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Studio portrait of Herbert Odenheimer taken in Buzancais, France where he had hidden during the war.

Photograph | Digitized | Photograph Number: 62810

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    Studio portrait of Herbert Odenheimer taken in Buzancais, France where he had hidden during the war.
    Studio portrait of Herbert Odenheimer taken in Buzancais, France where he had hidden during the war.


    Studio portrait of Herbert Odenheimer taken in Buzancais, France where he had hidden during the war.
    Circa 1944 - 1945
    Buzancais, [Indre] France
    Photo Credit
    United States Holocaust Memorial Museum, courtesy of Ehud Loeb

    Rights & Restrictions

    Photo Source
    United States Holocaust Memorial Museum
    Copyright: United States Holocaust Memorial Museum
    Provenance: Ehud Loeb

    Keywords & Subjects

    Photo Designation
    RESCUERS & RESCUED -- France

    Administrative Notes

    Ehud Loeb (born Herbert Josef Odenheimer) is the only child of Hugo (b. 3/12/1899) Odenheimer and Julchen Schweizer Odenheimer (b. July 31, 1901). He was born on March 26, 1934 in Buehl, Germany where his father became a partner in his father-in-law's successful printing press and stationary store. The family was observant, attended synagogue and kept a kosher home. On the night of Kristallnacht, November 9, 1938, Herbert accompanied his father as he watched their synagogue burning. On October 22, 1940 the Jews of the Saar, Palatinate, and Baden were taken from their homes and brought by police vehicles to special trains that transported them to the Gurs internment camp in southern France. Those deported included Herbert, his parents, and his grandmother, Sophie Schweizer. His maternal grandfather had died a short time before. When they arrived at the camp, the guards separated the men from the women and children. Herbert never saw his father again. Herbert's grandmother died a few weeks later in the camp. At the end of February, 1941, through the work of the OSE, the Eclaireuers Israelite and the Quakers, Herbert was taken out of Gurs and brought to the children's home of Chabannes. He never saw his mother again. After the French police raided Chabannes in late August 1942 and arrested some of the older children, the OSE began dispersing the children. Pierette Poitier, a Christian woman working on behalf of OSE, brought Herbert to live with a carpenter and his wife in Buzancais, in the department of Indre. The couple treated Herbert very poorly and the carpenter beat him if he did not perform his chores adequately. When Madame Poitier visited Herbert one month later, she assessed the situation and immediately removed Herbert from their care. She brought him to the home of Jeanne and Jules Roger, who lived in the same town. Jeanne's brother, the police commissioner in Lyon, was active in the resistance and issued false papers to Jews. He was later captured, tortured and died in Buchenwald in March 1944. Ehud became quite close to the Roger family, and they treated him as a loving aunt and uncle. However, Ehud did not remain there too long and was sent to other OSE homes including Montintin. He also hid in a hospital in Limoges using the name of Hubert Odet. After the liberation of France he returned to the children's home of Montintin and waited for his parents to return. Unfortunately his parents had been deported from Gurs to Drancy. His father was on Transport #29 from Drancy to Auschwitz on September 7, 1942, and his mother was sent on Transport #28 on September 4, 1942. Julchen's aunt, Erna Schweizer Arnstein, her husband and unborn child were deported to Riga where they perished, probably in 1941. After learning that his parents had perished, Ehud returned to the Roger family where he remained until January 1946 when he learned that the Loebs, who were distant relatives on his mother's side in Switzerland wanted to adopt him. Ehud went to Switzerland and lived with the Loebs as their son for the next twelve years until he immigrated to Israel in 1958 on the Theodore Herzl ship. In 1960 he married Shoshanna Spiro. By coincidence, Rabbi Leon Ansnbacher, who had served as the rabbi of Gurs, performed the marriage. In 1989 Yad Vashem recognized Jeanne and Jules Roger and Pierette Poitier as Righteous Among the Nations.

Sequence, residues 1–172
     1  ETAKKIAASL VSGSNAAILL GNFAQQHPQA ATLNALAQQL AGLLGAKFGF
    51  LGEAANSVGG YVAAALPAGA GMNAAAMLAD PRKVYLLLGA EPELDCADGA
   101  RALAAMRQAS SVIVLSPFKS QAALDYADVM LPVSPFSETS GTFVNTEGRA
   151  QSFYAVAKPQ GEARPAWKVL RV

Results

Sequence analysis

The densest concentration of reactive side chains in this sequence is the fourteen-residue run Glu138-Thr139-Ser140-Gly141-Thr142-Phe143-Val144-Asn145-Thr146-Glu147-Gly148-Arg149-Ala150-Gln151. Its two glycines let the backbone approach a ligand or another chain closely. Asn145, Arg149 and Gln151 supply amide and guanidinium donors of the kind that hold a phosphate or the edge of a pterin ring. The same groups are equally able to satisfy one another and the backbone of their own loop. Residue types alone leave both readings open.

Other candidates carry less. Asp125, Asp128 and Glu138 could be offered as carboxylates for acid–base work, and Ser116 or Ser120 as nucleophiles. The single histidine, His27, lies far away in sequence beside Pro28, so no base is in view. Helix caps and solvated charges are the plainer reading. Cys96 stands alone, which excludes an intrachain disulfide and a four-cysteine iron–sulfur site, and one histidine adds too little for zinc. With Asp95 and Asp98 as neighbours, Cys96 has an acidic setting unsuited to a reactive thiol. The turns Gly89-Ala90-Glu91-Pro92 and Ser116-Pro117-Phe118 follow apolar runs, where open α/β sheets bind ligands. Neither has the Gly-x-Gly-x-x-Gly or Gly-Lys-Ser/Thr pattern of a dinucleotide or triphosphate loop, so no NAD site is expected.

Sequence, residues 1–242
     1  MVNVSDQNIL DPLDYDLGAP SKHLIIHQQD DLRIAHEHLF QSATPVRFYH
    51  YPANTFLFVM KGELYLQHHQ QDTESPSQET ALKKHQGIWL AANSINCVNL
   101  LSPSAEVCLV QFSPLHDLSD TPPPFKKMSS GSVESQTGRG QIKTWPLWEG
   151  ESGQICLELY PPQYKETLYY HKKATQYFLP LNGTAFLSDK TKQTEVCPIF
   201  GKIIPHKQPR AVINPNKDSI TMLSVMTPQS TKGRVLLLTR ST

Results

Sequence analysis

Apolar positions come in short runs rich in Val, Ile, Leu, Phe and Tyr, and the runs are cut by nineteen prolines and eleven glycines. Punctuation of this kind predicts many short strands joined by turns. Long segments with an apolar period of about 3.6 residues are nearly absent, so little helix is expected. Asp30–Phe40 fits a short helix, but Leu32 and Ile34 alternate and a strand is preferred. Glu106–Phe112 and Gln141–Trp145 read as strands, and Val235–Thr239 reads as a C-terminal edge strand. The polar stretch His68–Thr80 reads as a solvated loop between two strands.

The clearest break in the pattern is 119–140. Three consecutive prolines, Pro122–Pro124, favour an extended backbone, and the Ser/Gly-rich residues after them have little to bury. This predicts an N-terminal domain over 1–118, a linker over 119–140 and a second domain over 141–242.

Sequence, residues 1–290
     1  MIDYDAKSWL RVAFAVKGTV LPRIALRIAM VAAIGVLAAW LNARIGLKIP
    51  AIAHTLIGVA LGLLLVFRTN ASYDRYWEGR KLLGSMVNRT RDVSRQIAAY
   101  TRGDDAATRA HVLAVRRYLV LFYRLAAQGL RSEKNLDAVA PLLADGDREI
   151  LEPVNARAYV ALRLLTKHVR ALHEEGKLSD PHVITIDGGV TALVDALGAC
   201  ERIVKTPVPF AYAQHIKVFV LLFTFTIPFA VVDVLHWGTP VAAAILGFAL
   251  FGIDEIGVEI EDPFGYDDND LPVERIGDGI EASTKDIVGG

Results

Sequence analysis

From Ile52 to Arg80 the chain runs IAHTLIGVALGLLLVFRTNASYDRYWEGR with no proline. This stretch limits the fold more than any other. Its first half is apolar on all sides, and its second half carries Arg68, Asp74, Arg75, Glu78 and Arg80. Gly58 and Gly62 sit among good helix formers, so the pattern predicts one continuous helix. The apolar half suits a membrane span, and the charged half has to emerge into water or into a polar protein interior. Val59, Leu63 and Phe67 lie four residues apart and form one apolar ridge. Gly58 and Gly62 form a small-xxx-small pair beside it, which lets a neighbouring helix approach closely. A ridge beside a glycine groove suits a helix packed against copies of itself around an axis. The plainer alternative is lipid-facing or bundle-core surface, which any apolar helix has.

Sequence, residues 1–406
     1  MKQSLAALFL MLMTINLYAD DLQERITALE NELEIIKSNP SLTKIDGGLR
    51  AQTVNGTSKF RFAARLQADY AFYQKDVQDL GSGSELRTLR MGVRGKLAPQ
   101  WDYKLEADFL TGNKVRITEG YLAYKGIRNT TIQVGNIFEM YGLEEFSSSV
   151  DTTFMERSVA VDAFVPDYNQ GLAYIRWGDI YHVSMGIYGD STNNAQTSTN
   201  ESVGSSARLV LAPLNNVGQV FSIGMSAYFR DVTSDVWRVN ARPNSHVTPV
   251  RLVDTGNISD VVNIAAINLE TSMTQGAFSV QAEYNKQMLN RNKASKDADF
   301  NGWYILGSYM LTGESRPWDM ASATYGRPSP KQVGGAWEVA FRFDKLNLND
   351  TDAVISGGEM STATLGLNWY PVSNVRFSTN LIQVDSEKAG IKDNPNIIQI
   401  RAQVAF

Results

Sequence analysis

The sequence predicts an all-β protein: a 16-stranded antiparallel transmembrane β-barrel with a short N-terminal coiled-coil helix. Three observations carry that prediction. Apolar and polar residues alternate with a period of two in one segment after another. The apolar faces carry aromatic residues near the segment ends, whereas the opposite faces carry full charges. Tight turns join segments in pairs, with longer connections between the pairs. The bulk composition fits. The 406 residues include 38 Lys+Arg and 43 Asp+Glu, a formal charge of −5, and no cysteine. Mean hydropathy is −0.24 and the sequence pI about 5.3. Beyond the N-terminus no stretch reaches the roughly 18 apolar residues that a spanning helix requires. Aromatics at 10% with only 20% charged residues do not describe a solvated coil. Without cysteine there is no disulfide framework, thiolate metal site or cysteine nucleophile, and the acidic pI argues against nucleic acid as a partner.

Record last modified:
    2008-08-18 00:00:00
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